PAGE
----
The operation targeted people sharing "the most extreme forms of video material," including images of babies and toddlers being sexually abused or raped, the European police coordination agency said.
There are 269 suspects so far and more arrests are likely after the operation uncovered previously unknown networks of child sex offenders operating on different Internet chat channels, Europol director Rob Wainwright.
He called the operation a success, but noted in a statement it shows "how the Internet is helping offenders to develop better techniques for sharing images on a global basis and for protecting their identity."
"The problems involved are becoming harder to police," he said.
Among other issues, the sheer volume of encrypted material is daunting, and much of the information seized in raids is still awaiting analysis. A single suspect in Switzerland had more than 120 terabytes of data - amounting to thousands of hours of high-definition video footage.
The investigation, code named "Operation Icarus," was carried out under the leadership of Danish police, due to Danish expertise in analyzing the peer-to-peer networks that were used to share files. Nineteen men aged 24 to 55 years old are facing preliminary charges in Denmark.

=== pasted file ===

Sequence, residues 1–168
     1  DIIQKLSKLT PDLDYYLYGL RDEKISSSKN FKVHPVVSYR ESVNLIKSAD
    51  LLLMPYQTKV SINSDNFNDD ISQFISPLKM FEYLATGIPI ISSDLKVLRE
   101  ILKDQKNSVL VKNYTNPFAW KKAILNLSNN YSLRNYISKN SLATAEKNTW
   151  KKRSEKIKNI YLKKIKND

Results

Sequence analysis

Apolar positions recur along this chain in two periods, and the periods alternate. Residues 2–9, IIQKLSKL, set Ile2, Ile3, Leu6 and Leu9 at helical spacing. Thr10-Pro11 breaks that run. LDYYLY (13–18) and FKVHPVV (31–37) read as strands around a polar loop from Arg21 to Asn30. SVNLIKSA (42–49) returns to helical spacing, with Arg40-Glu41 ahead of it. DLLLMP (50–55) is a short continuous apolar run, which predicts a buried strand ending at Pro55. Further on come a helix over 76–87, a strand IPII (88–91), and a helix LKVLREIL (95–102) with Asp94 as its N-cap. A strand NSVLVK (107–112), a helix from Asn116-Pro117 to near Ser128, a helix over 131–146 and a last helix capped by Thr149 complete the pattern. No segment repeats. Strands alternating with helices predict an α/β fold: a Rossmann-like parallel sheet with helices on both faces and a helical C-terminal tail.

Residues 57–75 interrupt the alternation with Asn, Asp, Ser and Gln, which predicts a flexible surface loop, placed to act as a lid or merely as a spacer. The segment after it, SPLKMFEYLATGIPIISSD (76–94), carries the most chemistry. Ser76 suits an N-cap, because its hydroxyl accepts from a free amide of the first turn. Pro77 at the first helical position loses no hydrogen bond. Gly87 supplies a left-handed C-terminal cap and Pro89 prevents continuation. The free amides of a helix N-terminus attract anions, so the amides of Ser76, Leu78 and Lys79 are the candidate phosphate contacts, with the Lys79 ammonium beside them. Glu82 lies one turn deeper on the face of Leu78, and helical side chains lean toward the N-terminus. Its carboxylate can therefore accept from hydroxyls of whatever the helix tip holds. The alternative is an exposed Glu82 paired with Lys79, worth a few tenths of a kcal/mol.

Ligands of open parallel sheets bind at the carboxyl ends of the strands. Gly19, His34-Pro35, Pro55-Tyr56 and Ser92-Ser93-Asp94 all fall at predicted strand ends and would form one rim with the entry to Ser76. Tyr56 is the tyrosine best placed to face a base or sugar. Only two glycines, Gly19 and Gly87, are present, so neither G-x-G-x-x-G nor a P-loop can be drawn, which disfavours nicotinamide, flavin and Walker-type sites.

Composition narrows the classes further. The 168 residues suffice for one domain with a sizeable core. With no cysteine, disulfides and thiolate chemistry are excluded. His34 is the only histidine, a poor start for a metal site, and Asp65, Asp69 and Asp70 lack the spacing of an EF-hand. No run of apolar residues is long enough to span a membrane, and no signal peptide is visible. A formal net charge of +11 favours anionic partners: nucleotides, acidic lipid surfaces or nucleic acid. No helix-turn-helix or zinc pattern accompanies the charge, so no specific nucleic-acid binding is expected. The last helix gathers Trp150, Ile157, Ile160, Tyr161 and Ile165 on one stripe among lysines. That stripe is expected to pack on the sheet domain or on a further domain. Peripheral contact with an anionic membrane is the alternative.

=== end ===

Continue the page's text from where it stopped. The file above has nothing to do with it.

Denmark's chief of national police, Jens Henrik Hoejbjerg, said 59 computers and 2,430 storage devices had been seized in Denmark alone.
"It's a huge amount for our investigators to handle," said Hoejbjerg.
Europol has its headquarters in The Hague, Netherlands.
The nations involved in the investigation were Austria, Belgium, Bulgaria, Cyprus, Czech Republic, Denmark, Estonia, Finland, France, Germany, Ireland, Italy, Luxembourg, Malta, Netherlands, Poland, Slovakia, Spain, Sweden, Croatia, Norway and Switzerland.
Investigators said one of the men arrested was in the process of grooming a young child and was arrested before an attempted face-to-face meeting. They did not disclose where.
EU Home Affairs Commissioner Cecilia Malmstrom said the operation showed the "importance of cooperation between law enforcement authorities at European and international level to tackle criminal activities that know no borders."